Thursday, June 30, 2011

Day 181, June 30

I have always appreciated the story of the tortoise and the hare. The hare sprinted ahead, confident of his abilities to win the race with little effort. Meanwhile, the tortoise made slow but steady progress. In the end, of course, the tortoise won the race.
This story is a metaphor for life. I have friends who are amazingly talented in their writing. They write quickly, send out a "partial," which is a synopsis and three chapters. When they receive a call from an editor to submit the whole manuscript, they promise themselves they will write two pages, five pages, etc. a day and submit it in a timely fashion. Too many never send in the complete book. Like the hare, they waste that opportunity and ability.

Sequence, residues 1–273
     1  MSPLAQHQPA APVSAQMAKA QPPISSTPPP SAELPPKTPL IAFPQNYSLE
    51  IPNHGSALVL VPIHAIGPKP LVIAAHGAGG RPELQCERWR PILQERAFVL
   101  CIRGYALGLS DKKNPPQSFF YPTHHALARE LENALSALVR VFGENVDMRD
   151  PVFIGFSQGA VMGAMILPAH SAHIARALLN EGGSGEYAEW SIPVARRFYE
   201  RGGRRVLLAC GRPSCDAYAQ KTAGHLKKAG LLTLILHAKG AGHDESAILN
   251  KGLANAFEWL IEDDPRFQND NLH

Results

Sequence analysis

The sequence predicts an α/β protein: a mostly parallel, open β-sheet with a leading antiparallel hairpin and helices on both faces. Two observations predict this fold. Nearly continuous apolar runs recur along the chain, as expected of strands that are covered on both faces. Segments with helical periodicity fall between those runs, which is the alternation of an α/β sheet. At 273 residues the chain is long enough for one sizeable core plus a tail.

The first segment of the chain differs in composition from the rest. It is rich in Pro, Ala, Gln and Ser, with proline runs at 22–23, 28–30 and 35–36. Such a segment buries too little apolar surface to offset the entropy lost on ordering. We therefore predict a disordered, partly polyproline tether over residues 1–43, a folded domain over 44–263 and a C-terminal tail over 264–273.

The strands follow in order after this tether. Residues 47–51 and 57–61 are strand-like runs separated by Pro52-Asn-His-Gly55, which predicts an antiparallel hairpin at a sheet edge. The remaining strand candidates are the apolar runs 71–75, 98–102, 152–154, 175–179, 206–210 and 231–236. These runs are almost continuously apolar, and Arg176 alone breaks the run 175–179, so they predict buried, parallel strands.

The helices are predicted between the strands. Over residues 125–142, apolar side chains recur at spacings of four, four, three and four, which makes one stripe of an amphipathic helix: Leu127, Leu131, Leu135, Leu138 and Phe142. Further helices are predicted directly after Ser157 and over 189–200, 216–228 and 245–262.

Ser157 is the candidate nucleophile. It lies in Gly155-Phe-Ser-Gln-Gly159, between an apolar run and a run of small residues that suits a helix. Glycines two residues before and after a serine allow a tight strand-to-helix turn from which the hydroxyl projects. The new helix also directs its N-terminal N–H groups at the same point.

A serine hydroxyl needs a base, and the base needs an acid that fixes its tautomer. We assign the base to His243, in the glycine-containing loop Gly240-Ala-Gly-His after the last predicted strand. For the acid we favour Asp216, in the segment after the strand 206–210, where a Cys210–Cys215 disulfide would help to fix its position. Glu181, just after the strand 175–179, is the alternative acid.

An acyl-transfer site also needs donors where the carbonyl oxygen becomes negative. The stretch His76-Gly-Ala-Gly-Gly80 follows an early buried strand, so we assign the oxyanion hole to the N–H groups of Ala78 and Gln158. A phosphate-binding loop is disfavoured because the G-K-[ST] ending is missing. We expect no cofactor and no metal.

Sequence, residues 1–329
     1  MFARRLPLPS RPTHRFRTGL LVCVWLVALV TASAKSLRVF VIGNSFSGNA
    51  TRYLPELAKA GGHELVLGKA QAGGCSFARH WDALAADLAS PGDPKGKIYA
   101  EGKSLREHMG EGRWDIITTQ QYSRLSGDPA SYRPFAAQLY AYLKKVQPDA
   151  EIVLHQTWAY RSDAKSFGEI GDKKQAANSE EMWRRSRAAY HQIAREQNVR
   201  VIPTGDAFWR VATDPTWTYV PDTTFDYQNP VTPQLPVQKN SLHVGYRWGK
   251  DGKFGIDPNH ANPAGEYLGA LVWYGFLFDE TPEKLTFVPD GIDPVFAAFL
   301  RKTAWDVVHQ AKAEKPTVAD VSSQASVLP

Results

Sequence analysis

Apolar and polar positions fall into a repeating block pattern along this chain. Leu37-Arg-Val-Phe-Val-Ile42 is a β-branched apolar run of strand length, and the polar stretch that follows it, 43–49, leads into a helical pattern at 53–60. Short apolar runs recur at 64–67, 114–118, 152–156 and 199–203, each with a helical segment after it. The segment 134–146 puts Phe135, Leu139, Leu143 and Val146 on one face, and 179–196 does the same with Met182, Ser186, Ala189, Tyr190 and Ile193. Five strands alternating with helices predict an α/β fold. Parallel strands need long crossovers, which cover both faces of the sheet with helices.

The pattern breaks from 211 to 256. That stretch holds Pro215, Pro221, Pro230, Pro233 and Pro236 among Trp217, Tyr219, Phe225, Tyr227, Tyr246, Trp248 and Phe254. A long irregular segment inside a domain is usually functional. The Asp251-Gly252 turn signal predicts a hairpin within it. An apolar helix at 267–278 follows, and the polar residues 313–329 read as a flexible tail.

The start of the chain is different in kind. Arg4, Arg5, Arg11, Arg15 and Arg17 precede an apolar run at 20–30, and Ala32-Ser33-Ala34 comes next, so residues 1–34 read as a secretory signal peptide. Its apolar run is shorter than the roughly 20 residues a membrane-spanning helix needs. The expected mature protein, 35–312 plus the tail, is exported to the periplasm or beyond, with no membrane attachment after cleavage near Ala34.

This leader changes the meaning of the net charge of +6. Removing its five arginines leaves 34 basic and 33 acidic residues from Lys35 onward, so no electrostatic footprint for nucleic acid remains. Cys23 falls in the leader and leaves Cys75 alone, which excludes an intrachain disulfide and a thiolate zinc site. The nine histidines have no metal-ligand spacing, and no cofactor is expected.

I have never been a hare. I move slowly. I can't run. Neither can I write in sprints. I accept this about myself and try to work with what I have. Deliberate, measured steps are my style. When writers get together and talk about plotting, I have to confess that I am not a plotter but a plodder. I plod along, finishing my books on my own schedule.
Those of you who are gardeners understand the necessary steps to reaping a good harvest. Preparing the soil. Planting. Watering. Weeding. Tending. These cannot be rushed; neither can they be done in a marathon of activity. Twelve hours in one day will not make up for twelve days of neglect.
So, for today, I am grateful for lessons from a tortoise.

1 comment:

  1. I agree with you about the lessons from tortoises, Jane, but I had to laugh when I started reading your blog. If you saw last night's news, one of the items was the delay of flights from New York's Kennedy airport thanks to a number of very slow moving turtles that decided to cross the runway. How appropriate that you wrote about tortoises today!